So for a moment let’s experiment and reframe purpose. Let’s play with the idea and look at it through another lens.
Consider the mighty, elegant cheetah.
What is the purpose of a cheetah? Isn’t it simply to be itself? You might say the purpose of a cheetah is cheetah-ing. Its existence is a verb, not a noun.
A cheetah isn’t a doing. It’s being.
But even to say it is cheetah-ing isn’t totally right either because cheetahs don’t speak English or care what silly humans call them.
They also, as far as we know, don’t ponder or question their existence in the order of things like we do. They aren’t trying to be themselves, nor are they trying to be an elephant (because elephants get more respect) or a lion (because, come on, lions).
They do not wonder what they should be, or try to be themselves, because they are it.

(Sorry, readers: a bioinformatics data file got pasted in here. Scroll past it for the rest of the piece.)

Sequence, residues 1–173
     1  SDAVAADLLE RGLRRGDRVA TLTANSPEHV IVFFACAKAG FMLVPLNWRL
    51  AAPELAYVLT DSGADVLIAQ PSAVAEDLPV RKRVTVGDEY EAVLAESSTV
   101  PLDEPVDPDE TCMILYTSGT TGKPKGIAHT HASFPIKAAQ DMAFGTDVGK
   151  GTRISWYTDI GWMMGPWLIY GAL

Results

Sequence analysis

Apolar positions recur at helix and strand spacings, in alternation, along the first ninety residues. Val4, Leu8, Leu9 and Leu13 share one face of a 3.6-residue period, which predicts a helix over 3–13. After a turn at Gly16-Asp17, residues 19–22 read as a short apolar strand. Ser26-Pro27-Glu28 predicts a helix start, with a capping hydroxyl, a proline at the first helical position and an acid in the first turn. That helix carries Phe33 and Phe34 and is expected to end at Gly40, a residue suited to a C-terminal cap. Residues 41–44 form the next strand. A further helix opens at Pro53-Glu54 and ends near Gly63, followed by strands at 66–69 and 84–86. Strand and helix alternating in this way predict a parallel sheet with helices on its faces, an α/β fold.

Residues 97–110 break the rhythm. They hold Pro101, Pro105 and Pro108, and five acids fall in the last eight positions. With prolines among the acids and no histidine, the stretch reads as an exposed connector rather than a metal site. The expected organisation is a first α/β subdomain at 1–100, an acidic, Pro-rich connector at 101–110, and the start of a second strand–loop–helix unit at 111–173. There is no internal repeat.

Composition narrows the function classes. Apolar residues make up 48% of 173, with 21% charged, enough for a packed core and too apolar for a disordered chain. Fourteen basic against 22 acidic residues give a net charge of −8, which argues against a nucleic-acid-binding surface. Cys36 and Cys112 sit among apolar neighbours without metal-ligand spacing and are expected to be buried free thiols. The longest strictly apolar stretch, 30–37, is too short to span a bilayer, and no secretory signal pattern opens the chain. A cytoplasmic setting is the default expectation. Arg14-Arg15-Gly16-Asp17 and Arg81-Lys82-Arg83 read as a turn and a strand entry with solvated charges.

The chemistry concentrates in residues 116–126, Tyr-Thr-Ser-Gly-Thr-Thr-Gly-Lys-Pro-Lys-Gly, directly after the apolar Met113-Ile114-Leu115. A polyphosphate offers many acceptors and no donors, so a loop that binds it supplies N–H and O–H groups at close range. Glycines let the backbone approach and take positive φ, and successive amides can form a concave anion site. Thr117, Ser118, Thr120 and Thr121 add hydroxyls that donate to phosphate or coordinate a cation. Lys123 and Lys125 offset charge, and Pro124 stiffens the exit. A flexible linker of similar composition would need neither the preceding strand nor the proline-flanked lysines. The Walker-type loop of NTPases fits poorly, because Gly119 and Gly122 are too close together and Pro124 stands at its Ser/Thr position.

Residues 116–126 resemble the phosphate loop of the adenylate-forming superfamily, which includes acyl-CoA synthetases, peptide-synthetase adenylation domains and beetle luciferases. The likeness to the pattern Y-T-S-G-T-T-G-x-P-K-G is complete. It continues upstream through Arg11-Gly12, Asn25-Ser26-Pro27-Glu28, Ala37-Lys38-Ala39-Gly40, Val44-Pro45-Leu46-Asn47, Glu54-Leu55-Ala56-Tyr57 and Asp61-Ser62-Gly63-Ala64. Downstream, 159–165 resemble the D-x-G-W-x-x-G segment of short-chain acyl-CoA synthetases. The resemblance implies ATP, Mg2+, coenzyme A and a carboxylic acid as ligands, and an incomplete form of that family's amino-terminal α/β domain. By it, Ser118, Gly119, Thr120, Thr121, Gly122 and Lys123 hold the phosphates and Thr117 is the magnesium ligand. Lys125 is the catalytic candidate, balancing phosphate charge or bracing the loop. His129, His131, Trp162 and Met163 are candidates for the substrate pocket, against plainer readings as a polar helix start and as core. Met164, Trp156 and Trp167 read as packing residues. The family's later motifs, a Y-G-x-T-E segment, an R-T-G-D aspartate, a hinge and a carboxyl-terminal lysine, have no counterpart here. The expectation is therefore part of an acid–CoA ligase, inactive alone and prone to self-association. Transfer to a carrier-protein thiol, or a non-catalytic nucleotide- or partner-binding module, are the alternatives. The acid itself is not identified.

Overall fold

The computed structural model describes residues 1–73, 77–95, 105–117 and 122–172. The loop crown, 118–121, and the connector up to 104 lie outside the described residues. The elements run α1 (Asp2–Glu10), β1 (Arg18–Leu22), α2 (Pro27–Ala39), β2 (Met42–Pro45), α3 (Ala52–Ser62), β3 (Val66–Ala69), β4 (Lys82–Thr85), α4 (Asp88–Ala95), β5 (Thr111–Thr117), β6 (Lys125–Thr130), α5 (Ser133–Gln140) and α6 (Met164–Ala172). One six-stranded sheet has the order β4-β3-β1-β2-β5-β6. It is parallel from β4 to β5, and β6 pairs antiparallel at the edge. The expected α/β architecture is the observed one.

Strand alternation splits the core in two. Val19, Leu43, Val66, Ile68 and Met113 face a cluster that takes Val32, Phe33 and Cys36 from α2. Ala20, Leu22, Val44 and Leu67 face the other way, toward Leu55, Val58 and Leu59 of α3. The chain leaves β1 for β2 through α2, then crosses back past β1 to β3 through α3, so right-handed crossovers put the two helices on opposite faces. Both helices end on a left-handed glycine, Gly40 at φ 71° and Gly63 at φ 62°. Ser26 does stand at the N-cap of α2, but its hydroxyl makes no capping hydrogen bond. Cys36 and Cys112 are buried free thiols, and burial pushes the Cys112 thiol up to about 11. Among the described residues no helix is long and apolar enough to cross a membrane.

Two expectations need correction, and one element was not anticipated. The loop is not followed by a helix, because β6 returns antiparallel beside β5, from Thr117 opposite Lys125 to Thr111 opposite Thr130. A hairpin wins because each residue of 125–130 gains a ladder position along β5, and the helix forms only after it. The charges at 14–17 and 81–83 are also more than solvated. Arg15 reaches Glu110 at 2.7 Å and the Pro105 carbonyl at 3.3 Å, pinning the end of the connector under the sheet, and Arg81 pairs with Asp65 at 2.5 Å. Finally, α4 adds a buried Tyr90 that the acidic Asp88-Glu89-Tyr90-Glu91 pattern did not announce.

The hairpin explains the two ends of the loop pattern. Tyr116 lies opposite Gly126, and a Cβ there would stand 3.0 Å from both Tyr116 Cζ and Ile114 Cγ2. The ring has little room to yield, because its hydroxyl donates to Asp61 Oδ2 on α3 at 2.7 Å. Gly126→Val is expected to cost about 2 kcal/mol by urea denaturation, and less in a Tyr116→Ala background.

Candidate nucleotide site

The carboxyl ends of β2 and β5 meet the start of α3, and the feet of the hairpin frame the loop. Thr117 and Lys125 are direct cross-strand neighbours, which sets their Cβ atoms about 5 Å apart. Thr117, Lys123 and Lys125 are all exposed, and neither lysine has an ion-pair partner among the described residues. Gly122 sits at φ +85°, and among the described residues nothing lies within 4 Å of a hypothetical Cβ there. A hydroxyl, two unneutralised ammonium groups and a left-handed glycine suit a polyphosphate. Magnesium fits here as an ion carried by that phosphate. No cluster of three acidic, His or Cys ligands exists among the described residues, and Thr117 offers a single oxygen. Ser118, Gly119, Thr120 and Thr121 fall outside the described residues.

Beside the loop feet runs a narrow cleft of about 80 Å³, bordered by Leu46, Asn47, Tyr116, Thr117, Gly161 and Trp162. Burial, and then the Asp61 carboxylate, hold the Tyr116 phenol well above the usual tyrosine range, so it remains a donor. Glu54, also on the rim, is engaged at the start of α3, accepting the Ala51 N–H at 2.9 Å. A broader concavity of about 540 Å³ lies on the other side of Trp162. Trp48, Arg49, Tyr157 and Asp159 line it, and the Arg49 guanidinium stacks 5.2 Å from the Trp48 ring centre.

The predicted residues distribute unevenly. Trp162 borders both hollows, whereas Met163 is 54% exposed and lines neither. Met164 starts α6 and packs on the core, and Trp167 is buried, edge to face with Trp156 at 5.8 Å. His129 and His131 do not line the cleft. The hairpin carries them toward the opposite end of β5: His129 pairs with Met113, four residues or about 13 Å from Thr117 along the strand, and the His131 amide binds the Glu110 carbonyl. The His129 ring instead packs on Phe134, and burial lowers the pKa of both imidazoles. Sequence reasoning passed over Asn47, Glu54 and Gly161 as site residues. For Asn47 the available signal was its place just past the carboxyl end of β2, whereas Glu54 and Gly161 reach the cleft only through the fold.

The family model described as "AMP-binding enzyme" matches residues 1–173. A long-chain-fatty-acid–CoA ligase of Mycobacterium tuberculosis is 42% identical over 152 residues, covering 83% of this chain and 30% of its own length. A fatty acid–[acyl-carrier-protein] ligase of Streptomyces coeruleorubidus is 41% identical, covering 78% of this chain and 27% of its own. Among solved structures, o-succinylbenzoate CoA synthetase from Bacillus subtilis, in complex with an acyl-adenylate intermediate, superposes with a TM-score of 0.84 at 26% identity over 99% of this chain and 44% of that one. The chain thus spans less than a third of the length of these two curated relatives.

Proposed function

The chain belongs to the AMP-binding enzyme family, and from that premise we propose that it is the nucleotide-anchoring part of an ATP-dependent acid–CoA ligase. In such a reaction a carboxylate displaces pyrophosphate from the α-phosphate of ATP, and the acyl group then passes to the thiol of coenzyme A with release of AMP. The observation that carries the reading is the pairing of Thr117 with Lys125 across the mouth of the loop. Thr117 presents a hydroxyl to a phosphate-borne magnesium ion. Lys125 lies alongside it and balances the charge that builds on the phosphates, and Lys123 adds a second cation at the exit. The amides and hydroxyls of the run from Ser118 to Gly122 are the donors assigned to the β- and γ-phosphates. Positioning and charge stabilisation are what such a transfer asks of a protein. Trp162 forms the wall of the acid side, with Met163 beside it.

Neither can you try to be yourself. You are yourself without effort. You cannot be anyone or anything other. You can only try to be what you are not.
Because Who you are is why you are here.
Who you are is your purpose.
You are a verb. So am I. You might say I am Kevin-ing or human-ing.
Ultimately, purpose is a way of being.
It is being in truth in every moment.
By in truth I mean the equivalent of cheetah-ing. It’s you being authentically, radically, naturally you. To know your Self is to know your purpose. If you do not know your purpose, it’s because you do not know your Self.
Our only problem si that we do not know ourselves—our True Self—because we’re all suffering from a recurring case of mistaken identity thanks to our upbringing and conditioning.